Problem to be Solved: Triple-negative breast cancer (TNBC) is a deadly disease that accounts for 15-20% of all diagnosed breast cancers worldwide. Metastatic relapse of TNBC carries a poorer prognosis and lower survival rate compared to other breast cancer subtypes. Therefore, identifying novel targets and new therapeutics to treat patients diagnosed with TNBC remains a significant priority of the National Institutes of Health. Product and Long-Term Goal: Nanometics is developing a once daily, oral therapeutic, dubbed "MTDIA" for the treatment of TNBC. MTDIA inhibits a novel target, 5 ?-methylthioadenosine phosphorylase (MTAP), and disrupts biochemical pathways crucial for cancer growth. Technical Innovation: The MTAP enzyme is a promising new target for anti-cancer therapeutics because its systemic inhibition results in the whole-body accumulation of the 5'-methylthioadenosine (MTA) metabolite, which alters known anti-cancer pathways. Oral dosing with MTDIA is effective against both MTAP-positive and MTAP-negative tumors, causing a significant reduction in primary tumor growth rates and regression of existing tumors. Phase I Hypotheses: The hypotheses that will be tested during the Phase I STTR experiments are that: 1) clinically efficacious oral doses of MTDIA will be tolerable (non-toxic) in rat models, and 2) MTDIA will suppress tumor growth rates in rats with similar efficacy as demonstrated in mice (see Preliminary Results).
Specific Aims :
The specific aims of this Phase I STTR are to: 1) determine that pharmacologically relevant oral doses of MTDIA are non-toxic and tolerable in rats, and 2) determine that MTDIA suppresses TNBC tumors in rats to the same extent as has been demonstrated in mouse models. Phase II: Phase II STTR studies will establish toxicity of MTDIA in rats and beagle dogs under GLP guidelines. Commercial Opportunity: The global market for breast cancer therapeutics is forecast to reach $13.86 billion by 2017. Because the treatment options for metastatic relapse of TNBC are limited, there remains a significant need for new drugs that work through novel modes of action.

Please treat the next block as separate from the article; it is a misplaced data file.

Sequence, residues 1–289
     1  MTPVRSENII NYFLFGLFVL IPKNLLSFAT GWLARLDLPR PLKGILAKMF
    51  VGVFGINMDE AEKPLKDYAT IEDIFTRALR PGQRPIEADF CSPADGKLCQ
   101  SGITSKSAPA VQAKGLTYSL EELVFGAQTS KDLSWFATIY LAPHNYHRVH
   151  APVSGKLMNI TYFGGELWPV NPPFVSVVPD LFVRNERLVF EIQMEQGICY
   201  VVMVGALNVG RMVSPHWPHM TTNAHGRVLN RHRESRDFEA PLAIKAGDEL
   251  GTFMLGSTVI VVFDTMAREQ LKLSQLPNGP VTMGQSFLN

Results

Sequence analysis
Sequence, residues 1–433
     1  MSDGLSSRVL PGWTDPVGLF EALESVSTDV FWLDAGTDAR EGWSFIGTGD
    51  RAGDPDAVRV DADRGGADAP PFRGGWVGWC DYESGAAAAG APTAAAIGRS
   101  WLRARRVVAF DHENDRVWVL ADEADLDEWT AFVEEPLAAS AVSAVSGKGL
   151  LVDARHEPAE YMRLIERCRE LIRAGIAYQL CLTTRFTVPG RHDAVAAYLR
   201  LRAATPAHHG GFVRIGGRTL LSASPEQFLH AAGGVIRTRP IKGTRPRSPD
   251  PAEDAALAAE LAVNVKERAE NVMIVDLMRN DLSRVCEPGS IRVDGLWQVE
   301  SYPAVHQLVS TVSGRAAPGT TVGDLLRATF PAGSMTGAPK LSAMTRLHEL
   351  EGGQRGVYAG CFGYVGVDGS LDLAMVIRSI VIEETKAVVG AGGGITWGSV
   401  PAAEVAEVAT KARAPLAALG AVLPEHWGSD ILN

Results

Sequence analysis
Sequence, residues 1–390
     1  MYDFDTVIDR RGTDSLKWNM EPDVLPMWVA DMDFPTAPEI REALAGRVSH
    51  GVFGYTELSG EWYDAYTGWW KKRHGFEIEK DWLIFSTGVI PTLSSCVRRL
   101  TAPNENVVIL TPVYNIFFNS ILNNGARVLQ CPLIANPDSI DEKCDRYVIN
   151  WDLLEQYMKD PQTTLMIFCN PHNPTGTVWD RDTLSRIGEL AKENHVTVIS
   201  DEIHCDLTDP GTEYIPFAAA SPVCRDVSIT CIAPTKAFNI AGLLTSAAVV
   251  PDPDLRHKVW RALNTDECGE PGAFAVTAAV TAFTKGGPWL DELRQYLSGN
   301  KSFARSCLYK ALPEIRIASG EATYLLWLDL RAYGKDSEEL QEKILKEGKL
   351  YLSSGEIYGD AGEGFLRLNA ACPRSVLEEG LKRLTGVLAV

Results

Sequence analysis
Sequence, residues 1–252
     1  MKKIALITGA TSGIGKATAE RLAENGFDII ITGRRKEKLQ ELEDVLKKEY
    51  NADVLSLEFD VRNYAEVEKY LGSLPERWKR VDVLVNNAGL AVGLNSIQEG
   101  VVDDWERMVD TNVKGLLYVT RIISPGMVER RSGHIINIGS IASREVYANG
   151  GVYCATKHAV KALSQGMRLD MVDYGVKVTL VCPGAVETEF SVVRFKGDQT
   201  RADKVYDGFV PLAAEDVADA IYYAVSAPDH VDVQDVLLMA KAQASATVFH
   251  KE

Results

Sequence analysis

Triple-negative breast cancer (TNBC) is a deadly disease that accounts for 15-20% of diagnosed breast cancers worldwide. Identifying novel drug therapies and new targets to improve treatment for patients diagnosed with TNBC remains a significant priority. This project seeks to advance the use of a novel small molecule transition state inhibito for the treatment of TNBC.